Prominent Russians: Pyotr Vyazemsky
Prince Pyotr Vyazemsky was a critic, poet, translator and all-around man of letters. He also wrote diaries chronicling events in Russia for nearly seventy years, from 1813 through 1877. Some of them were later published, and make for interesting reading even today.
Vyazemsky was born to an aristocratic family in Moscow. He spent his childhood among well-educated and intelligent peers – from a very early age, he often met outstanding personalities like Zhukovsky and Karamzin who came to visit. He studied at a St. Petersburg boarding school where he learned German, English, Italian and French. Vyazemsky’s father died in 1808, and Pyotr came under the tutelage of Karamzin. He soon started publishing in the magazine The Herald of Europe.
Major critical works
When Vyazemsky returned to Moscow, he volunteered and fought in the battle of Borodino in 1812. He published his first major critical piece, ‘On Derzhavin,’ in 1816. The piece, while informed by Enlightenment principles, was written in Romantic language. In the 1820’s, Vyazemsky argued against critics of Karamzin's ‘History of the Russian State,’ and against critics of Pushkin's romantic poems. He was the first to endorse Russian romanticism openly, and to call for an original national language.
In 1828, he wrote the satirical piece ‘The Russian God,’ in which he raged against the harsh and fallen world. The book was published in 1854 in London with the help of Aleksandr Herzen, a famous Russian writer and thinker, and attracted widespread notoriety. Vyazemsky called the Russian God the god of the homeless, the poor and the starving. By the 1830s, Vyazemsky found little to relate to in the younger generation – he had the great sadness of outliving all of his contemporaries. Though he wrote his most well-known masterpieces in the last years of his life, he had been forgotten and abandoned by critics and the public long before he died.
Vyazemsky spent much time writing his major work of prose – a book on the famous Russian playwright Denis Fonvizin.
He worked in the Ministry of Finance for many years, and headed the bureau of censorship from 1856 to 1858. In 1863, he moved abroad because of poor health. Vyazemsky died in Baden-Baden, Germany, but his body was brought to St. Petersburg and buried there.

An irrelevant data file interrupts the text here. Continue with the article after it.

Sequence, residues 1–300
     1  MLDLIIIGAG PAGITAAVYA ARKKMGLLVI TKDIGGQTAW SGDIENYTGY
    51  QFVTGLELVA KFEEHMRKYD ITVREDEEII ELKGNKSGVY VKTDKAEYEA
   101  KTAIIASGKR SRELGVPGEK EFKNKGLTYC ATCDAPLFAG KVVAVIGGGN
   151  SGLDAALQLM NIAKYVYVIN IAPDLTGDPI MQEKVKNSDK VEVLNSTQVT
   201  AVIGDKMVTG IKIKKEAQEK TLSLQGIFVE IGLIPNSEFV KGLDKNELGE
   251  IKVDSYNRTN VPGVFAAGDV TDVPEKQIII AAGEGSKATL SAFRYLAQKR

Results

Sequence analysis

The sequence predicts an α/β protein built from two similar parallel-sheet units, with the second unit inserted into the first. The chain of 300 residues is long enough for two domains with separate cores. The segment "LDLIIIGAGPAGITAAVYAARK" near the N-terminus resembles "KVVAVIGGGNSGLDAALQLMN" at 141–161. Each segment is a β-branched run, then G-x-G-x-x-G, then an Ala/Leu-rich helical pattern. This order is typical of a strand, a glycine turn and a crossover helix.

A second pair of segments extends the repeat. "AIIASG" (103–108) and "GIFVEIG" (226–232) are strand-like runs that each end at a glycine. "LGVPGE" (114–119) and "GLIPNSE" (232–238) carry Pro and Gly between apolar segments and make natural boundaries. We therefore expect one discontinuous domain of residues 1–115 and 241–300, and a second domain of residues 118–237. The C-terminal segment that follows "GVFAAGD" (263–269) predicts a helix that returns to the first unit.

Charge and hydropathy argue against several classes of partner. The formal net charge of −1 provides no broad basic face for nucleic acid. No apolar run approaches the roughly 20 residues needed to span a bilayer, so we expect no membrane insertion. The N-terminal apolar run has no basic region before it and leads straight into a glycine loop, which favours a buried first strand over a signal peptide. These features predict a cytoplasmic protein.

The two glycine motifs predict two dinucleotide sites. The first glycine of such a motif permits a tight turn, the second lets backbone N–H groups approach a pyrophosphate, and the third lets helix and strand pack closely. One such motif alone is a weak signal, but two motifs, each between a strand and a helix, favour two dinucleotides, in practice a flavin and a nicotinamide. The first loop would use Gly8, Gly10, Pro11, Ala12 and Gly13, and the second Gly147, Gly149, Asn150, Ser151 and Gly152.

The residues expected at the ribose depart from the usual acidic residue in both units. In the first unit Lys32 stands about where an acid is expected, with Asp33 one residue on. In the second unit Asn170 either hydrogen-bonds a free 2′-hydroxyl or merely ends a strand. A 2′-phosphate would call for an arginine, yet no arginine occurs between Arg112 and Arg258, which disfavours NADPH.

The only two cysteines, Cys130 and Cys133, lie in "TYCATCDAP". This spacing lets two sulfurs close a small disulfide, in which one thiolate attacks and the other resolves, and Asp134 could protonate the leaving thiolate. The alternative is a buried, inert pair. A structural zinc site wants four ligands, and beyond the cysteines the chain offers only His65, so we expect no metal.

Vyazemsky, and the age he helped create
The 19th century began with the ‘Golden Age’ of Russian poetry. The poetry of this period was marked by an aristocratic sensibility, the culture of salons, an aura of friendly intimacy and the genres suited to this ethos – playful and erotic, as well as melancholic and romantic.
Vyazemsky is considered to be the chief journalist of Russian romanticism, though his early poetry is less romantic than his later writings. His early work consisted of rote exercises on poetic styles, or incisive essays on wordplay. His later poetry became more universal, and classical.
Russian romanticism was strongly influenced by cultural developments in the West: “It seems that, in the present age, a poet cannot but echo Byron, as well as a novelist cannot but echo W. Scott, notwithstanding the magnitude and even originality of talent,” Vyazemsky wrote in 1827.
The Pushkin Pleiad
The Pushkin Pleiad, consisting of poets of Pushkin's generation, included Vyazemsky. Literary critics grouped these bright young poets together as a genre unto themselves. Later, that circle of like-minded writers became fractured by different ideals. Vyazemsky was one of the first to appreciate Pushkin’s gifts as a poet. They were introduced to each other in 1816, and became fast friends. Their wry, independent attitudes towards authority and similar tastes brought them together.
When they met, Pushkin was not yet 17. When Vyzemsky married, Pushkin became friends with his wife, Vera, and later with their son, Pavel. Pushkin was more open with Vera, and confided his last secret to her on the eve of his fatal duel. The correspondences between Pushkin and Vyazemsky are a high point of their friendship – the dialogue of very clever men discussing literature and politics. “Often one doesn’t agree with his thoughts but they make think,” Pushkin wrote of Vyazemsky. Pushkin immortalized his name, using a line from a Vyazemsky poem as the epigraph to the first chapter of his famous opera ‘Eugene Onegin.’
The poet Vyazemsky was the owner of the Ostafievo estate in Moscow region. There, he received Vasily Zhukovsky, Evgeny Baratynsky, Konstantin Batyushkov and many other noted intellectuals of the time. The playwright Aleksandr Griboyedov visited the estate and gave a reading of his play, ‘Woe from Wit.’ Pushkin visited in 1830 and 1831, and named Ostafievo the ‘Russian Parnassus.’ Gogol was a guest in the summer of 1849. Pyotr Vyazemsky described the estate’s garden in one of his poems: “Before the house, a rounded meadow; behind, a shady grove, and through the winding, wooded valley a little river flows.”
his father’s only surviving son, continued Ostafievo’s historic
and literary traditions. Pavel studied the history of ancient Russia,
founded the Society of Ancient Literature, served in Constantinople
with the Ministry of Foreign Affairs and finished Ostafievo’s
Library, turning it into a museum.
Written by Tatyana Klevantseva for RT